Only a third of U.S. adults say they are very happy — minorities show particularly pronounced declines in the past two years, a U.S. survey indicates.
A Harris Poll of 2,345 U.S. adults surveyed online April 10-15 by Harris Interactive found certain groups, such as minorities, recent graduates and the disabled, trended downward in the last couple of years.
“Our happiness index offers insight into what’s on the minds of Americans today and is a reflection of the state of affairs in our country,” Regina Corso, senior vice president of the Harris Poll, said in a statement. “While the attitudes on the economy may be improving, we’re seeing that this is not translating into an improvement in overall happiness.”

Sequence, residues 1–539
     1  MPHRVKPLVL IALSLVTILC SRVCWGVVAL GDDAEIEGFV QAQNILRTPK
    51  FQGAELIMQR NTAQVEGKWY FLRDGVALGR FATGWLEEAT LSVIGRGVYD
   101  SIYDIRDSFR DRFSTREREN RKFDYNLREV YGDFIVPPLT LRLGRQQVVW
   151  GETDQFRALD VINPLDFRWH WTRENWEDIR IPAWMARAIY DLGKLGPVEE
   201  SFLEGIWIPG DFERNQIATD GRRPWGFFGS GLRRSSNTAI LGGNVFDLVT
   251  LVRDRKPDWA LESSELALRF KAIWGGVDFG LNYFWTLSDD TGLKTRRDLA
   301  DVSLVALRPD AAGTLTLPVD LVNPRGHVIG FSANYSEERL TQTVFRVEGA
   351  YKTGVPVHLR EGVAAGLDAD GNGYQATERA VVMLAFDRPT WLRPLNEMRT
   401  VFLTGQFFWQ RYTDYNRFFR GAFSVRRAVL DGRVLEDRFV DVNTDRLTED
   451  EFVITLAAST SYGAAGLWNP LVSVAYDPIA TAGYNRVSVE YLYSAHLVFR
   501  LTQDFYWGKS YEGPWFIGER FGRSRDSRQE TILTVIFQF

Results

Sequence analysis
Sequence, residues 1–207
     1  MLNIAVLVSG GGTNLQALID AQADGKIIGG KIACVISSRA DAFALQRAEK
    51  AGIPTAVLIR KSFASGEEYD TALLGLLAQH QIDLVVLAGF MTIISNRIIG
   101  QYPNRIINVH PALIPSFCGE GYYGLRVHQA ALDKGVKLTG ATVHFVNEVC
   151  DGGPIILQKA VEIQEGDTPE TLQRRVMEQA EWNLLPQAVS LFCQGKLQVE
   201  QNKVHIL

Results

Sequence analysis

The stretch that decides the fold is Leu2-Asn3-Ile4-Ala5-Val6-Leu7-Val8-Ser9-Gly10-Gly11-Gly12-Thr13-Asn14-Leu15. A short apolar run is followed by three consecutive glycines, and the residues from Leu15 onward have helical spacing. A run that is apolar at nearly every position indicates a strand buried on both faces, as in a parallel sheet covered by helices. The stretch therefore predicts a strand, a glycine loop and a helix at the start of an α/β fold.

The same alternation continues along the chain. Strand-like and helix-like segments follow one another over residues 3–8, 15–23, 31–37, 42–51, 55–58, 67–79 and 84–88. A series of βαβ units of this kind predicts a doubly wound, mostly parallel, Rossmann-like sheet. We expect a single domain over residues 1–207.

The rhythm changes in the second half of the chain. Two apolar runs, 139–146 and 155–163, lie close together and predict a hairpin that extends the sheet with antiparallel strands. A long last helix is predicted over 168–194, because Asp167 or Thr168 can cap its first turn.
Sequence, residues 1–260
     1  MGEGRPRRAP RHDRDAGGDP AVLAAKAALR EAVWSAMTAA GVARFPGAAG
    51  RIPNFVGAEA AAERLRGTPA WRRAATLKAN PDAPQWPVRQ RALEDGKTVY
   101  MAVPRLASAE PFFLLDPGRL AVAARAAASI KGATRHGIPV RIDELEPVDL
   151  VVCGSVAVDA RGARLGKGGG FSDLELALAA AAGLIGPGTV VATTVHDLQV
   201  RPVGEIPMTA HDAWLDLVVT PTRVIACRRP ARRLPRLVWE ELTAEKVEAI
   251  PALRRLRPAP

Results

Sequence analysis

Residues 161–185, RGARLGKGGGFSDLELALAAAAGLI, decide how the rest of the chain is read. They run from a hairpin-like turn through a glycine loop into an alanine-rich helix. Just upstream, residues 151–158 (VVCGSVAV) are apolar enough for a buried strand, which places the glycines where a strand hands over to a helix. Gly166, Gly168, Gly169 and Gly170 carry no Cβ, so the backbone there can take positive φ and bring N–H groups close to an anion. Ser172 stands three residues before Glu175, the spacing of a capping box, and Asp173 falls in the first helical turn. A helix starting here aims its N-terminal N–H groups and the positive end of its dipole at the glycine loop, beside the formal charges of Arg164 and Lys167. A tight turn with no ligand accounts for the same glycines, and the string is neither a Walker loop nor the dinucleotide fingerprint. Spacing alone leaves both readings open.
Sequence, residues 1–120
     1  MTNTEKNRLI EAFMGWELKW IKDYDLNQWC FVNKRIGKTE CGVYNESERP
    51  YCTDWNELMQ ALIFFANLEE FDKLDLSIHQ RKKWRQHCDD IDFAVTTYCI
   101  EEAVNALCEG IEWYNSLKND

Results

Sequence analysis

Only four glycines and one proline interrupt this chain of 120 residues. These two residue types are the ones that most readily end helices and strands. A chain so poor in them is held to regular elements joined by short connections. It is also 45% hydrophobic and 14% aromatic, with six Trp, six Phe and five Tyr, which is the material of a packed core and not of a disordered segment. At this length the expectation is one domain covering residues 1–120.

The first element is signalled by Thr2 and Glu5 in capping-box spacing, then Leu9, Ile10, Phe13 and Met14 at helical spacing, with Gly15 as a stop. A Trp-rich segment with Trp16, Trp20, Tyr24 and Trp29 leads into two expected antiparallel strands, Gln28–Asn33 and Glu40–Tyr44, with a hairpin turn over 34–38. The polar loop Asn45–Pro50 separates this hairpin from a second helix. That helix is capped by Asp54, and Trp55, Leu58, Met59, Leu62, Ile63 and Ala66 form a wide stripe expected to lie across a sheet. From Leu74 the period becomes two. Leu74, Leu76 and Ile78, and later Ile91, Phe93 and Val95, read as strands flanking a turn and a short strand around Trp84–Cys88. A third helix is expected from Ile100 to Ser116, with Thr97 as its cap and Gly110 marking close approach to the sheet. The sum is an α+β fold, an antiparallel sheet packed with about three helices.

Since last measured two years ago, the Happiness Index was especially low among the Hispanic-American population. It is important to note that a causal link cannot be established, it might not be a coincidence that this drop coincides with a political landscape that has seen frequent, sometimes contentious, discussion of immigration policy in recent months, Corso said.
Americans earning under $50,000 per year were less likely to qualify as very happy than in 2011 — down from 33 percent to 29 percent among those earning less than $35,000, and from 35 percent to 32 percent among those earning between $35,000-$49,999.
Those 50 and older were more likely to be very happy than younger people.
Thirty-two percent of political independents were less likely to qualify as very happy than members of either the Democratic or Republican parties at 35 percent each.
No margin of error was provided.